Revolutionary – that’s the only way to describe Jack White.
Since his debut with The White Stripes, Jack White has been heralded as a revivalist of rock ‘n’ roll, with a career spanning across multiple bands and genres. The White Stripes, The Raconteurs, The Dead Weather along with White’s own solo work and superstar collaborations have seen the musician consistently push boundaries of guitar playing. His sizeable collection of awards and legions of fans worldwide is testament to the musician’s status as a trailblazer in sound and innovation.
Throughout his career, White’s signature style has seen many evolutions come and go. However, his core sound remains as such: thunderous guitars, maximum fuzz, and lots of swagger. He’s displayed a tendency to keep his music both minimalistic and unconventional, often pairing modified vintage instruments with analogue equipment.
Hoping to follow in Jack White’s illustrious footsteps? We’ve done a deep dive of White’s collection from over the years and come up with a list of items that’ll help you achieve his signature sound. Read on to find out!
Vintage-inspired, mega-loud guitars
Many of Jack White’s guitars are obscure, often discontinued models, along with modified versions of current stalwarts. While vintage and custom-modified instruments are difficult to find, you can get pretty close with a retro-inspired semi-hollow body or a revamped vintage model.
White favours many of Fender’s Telecasters for their ability to “switch from acoustic to electric in the middle of the song”. His first brush with the guitar was an Acoustasonic Telecaster, and the obsession has only grown from there.
In fact, most of Jack White’s recent work has been on a modded-out B-Bender Telecaster that sports Thinline and Filter’Tron pickups. This Telecaster gets tons of playtime due to how well the creaminess of the bassy Thinline pickup complements the bitey, yet balanced nature of the Filter’Trons.
White used a modded version of the famed Gretsch Duo-Jet when playing with The Raconteurs. This guitar was hand-built by Randy Parsons, and featured a fully copper construct with a trio of Gretsch humbuckers. Aptly named the Copper Triple Jet, this double-cutaway could complement an ensemble, before breaking away into loud, full tones for solo performances.
White wants his guitars to howl. To achieve massive stage volume without compromising on warmth and resonance, Jack White relies on innovative and experimental techniques. White’s 1964 JB Hutto Res-O-Glass Airline (used predominantly for the White Stripes) and its dual humbuckers with individualised volume and tone controls was deployed for just this purpose. White would set the neck’s pickup at a lower volume than the bridge’s such that he was able to flip between two different sounds with his selector switch.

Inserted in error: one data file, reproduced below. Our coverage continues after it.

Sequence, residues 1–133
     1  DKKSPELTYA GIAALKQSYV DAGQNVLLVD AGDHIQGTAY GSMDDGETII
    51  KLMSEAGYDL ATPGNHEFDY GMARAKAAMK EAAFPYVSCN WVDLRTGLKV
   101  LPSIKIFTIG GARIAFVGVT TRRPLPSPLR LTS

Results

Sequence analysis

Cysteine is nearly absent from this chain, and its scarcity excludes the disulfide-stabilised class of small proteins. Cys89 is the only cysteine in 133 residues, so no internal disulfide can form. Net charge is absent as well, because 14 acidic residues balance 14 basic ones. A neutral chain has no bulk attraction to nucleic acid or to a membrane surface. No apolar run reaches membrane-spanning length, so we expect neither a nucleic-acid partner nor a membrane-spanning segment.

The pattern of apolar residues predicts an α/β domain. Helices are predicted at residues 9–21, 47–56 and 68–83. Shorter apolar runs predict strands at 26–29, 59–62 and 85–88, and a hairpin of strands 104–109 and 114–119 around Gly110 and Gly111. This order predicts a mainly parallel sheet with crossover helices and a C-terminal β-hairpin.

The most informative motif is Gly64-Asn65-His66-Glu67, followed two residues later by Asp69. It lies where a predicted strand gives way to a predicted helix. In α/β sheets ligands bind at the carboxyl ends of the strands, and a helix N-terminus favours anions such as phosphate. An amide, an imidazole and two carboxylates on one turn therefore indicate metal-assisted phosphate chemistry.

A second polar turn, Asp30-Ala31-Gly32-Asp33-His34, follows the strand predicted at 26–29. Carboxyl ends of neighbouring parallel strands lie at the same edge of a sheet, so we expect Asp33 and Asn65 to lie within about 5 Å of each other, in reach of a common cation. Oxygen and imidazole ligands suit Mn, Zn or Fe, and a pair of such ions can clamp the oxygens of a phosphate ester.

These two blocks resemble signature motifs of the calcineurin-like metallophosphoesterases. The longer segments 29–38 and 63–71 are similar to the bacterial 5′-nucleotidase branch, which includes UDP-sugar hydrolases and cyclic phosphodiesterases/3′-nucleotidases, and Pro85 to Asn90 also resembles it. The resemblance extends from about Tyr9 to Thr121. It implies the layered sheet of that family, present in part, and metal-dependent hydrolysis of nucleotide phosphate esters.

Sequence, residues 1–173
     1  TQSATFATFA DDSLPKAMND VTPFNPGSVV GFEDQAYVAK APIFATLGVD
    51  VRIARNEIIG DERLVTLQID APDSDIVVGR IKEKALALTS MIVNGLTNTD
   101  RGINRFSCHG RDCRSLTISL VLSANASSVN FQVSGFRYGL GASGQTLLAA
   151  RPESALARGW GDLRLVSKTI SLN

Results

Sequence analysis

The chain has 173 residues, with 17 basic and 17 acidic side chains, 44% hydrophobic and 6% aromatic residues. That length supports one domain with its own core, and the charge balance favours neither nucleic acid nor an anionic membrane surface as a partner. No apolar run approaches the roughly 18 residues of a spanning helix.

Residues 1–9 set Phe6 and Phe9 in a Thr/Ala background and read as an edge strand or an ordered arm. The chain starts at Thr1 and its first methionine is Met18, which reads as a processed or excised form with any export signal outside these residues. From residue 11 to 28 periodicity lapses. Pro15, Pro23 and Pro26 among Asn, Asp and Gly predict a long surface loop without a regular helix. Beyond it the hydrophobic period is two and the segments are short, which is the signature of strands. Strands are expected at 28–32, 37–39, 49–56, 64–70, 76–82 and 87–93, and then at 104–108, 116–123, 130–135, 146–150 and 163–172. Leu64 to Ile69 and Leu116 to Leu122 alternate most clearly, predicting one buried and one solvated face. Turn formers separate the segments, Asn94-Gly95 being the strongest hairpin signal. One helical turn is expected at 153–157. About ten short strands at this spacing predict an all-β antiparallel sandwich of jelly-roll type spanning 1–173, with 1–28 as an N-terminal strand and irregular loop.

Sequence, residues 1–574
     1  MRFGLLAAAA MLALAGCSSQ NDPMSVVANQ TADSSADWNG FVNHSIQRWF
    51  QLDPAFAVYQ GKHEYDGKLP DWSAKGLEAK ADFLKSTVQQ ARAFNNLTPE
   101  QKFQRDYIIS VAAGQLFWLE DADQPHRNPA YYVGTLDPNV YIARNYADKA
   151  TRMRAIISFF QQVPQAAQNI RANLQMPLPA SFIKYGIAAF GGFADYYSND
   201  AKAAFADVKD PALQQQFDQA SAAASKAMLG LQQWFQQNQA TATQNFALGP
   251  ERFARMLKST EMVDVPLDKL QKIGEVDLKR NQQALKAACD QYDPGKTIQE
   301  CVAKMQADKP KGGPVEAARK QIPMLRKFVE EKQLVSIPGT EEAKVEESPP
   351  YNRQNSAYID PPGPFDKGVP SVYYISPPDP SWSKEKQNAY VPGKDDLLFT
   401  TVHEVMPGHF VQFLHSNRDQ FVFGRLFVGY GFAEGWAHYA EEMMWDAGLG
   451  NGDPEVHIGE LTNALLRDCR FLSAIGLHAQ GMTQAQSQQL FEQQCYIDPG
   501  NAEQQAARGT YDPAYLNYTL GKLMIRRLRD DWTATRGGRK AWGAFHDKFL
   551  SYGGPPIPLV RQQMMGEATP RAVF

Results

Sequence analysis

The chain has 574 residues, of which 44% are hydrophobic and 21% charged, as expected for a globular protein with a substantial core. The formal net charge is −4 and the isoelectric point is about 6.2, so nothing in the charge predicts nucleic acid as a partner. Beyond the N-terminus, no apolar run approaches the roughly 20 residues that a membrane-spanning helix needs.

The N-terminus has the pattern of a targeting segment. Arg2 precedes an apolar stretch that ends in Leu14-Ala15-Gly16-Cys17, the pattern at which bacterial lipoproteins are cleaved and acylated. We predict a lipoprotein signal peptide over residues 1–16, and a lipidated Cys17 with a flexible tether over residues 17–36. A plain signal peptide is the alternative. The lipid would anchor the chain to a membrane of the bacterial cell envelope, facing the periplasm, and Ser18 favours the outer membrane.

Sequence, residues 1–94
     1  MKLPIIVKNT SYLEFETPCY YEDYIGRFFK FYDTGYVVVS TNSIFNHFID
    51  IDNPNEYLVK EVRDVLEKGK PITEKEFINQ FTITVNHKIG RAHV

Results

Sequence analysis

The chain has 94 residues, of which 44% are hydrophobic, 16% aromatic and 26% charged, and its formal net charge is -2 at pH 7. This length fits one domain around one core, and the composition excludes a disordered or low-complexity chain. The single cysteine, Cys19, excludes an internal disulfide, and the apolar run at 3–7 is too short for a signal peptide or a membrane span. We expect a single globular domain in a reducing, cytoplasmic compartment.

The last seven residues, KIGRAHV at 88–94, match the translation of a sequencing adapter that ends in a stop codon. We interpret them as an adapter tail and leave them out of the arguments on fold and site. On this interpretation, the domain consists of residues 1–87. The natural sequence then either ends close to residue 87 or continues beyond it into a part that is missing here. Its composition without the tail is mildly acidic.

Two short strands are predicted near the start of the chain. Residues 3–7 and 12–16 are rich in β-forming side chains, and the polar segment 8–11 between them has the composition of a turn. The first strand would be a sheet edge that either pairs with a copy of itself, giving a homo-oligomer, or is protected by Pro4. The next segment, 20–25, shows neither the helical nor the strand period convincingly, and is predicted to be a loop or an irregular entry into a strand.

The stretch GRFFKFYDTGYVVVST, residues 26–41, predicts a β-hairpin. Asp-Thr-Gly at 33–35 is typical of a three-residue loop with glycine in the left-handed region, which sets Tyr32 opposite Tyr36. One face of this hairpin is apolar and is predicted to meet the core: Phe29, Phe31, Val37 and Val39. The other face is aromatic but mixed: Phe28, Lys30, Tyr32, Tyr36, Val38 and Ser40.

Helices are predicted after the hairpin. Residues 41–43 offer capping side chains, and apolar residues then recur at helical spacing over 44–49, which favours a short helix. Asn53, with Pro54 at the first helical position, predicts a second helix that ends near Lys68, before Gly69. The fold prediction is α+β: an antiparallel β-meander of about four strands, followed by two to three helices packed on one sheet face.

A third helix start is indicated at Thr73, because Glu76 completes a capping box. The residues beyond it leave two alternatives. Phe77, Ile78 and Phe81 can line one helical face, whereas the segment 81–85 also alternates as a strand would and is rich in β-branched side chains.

Don’t forget about Jack White’s hollowbodies! White’s main slide guitar is an archtop hollowbody with F-holes, which he famously covered with a paper bag to reduce feedback. Its single neck pickup gives it an almost acoustic quality. Though it doesn’t have much resonance on its own, White paired it with whammy pedals for a bass-like sound.
Odd sounds & weird effects
Known for his arsenal of eclectic stompboxes, White’s unique and sometimes even bizarre choice of pedals is what gives the musician his unique sound. It’s not uncommon for him to meld old-timey effects, like those from tube amps, with modern reverberations.
When The White Stripes first struck out, the absence of a bassist meant that White had to fill out the mix with just his guitar and effects pedals. To do this, White deployed fuzz stomps with a huge bottom end and massive distortion. The Electro-Harmonix Big Muff is Jack White’s main pedal of choice for this, but he also brings in gated fuzz for select guitar solos like the glitchy chaos heard in The White Stripes’ “Lazaretto”.
White uses octave and pitch shifting effects to thicken up his sound. These harmonising pedals add extra movement with little effort, letting him glide from note to note seamlessly. They also have the added bonus of turning his guitars into basses via the octave down effect. Remember that chunky, almost bass-like intro into “Seven Nation Army”? That was White putting the DigiTech Whammy through its paces.
Enter the boost pedal. White deploys it as an ‘always on’ pedal to juice up his tone and boost his gain during solos even before amplification. MXR’s Micro Amp is his number one choice, so much so that he even had one built into the custom “Triple Jet Copper ” Gretsch he uses with The Raconteurs.
Distinct tones with the right amps
Amps are the final piece of the puzzle in achieving Jack White’s sound. He’s become adept at using them in tandem with his pedals to push reverb. This enables him to maintain tone even through major distortion and feedback.
Once again, White prefers to stick to vintage amps with some models being long discontinued. Fortunately, there are many amp simulators and effect pedals in the market that can help players emulate his tone. Another major workhorse in White’s gear collection is his Fender Twin Reverb Blackface, which the musician rarely uses for its in-built reverb, but strictly for its clean tones.
Legendary tube tone meets abundant headroom in the Fender 65 Twin Reverb Tube Combo Guitar Amplifier.
Jack White has been widely known as an oddball for his choice of setup, but it’s his unique combination of instruments and gear that have brought his music to where it is. Depending on which era of White’s discography you’re hoping to emulate, you’ll be able to mix and match these picks to suit your needs. Keep in mind though that it’s not just about your equipment – you’re going to have to channel that rockstar attitude too. Good luck!
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